“When you first get into it all you do get that panicky feeling, which is part stress and partly because you are wearing all of it.
“That alone is quite a challenging thing, it sounds like small thing but day in day out, I know that is something a lot of nurses will be dreading.”
But she said hospitals were able, this time, to prepare earlier for a possible rise in cases.
“I know my own hospital trust is definitely making preparations, thinking about capacity, making those decisions in advance rather than in a rush, so that is a positive thing and we know better now how to treat the disease,” she said.
Dr Nick Sherwood, clinical lead for intensive care for Sandwell and West Birmingham Hospitals NHS Trust, said this year represented the hardest he had ever worked.
During the peak of the virus, he moved into a caravan at the hospital to protect his wife and son.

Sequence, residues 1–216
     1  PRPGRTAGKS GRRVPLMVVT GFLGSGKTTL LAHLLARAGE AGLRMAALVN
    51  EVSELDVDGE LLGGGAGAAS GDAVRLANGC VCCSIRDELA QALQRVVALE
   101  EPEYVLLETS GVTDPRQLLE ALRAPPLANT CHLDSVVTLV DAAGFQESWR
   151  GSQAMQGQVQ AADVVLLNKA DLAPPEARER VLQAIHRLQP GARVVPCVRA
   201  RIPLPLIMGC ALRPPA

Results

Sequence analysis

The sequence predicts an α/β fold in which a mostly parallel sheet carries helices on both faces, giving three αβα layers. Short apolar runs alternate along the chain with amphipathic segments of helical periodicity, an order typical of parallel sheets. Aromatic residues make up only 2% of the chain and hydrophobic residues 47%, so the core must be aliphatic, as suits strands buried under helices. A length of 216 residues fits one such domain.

“The ones it was hardest for were the ones who were not used working in an intensive care unit,” he said.
“Nurses whose day job is not dealing with critically ill patients might come in and on their first shift see four patients die.
“Certainly no small number of staff have been emotionally traumatised by it.
“It is something I never thought I would have to do in my career, I like to think I am pretty resilient and tough, but lots of times I would have to go to a quiet place and collapse a bit and then pull myself back together and do it all again.
“Trying to break bad news over the phone was bad enough for us, but I have no idea what it was like for the families.
“The thought that I might have to do that all over again, I am not looking forward to. Not just personally for me and my team, but because I have seen what it was like for patients and their families.”
Nathan Samuels, a regional nurse for young people’s healthcare based at Queen Elizabeth Hospital in Birmingham, said: “I think there has still been a degree of apprehension, a tense environment.
“We weren’t in the peak as we were in March or April but there was still real awkwardness, or a tense, apprehensive atmosphere certainly.
“And I think that has come from people thinking they can’t do it again, they can’t face what they went through a few months ago.
“So many things caused major anxiety… from staff becoming ill, worrying about families, the PPE, the guidance, the restrictions, the way it made people feel, how ill people were, having to deal with that, the deaths that were happening.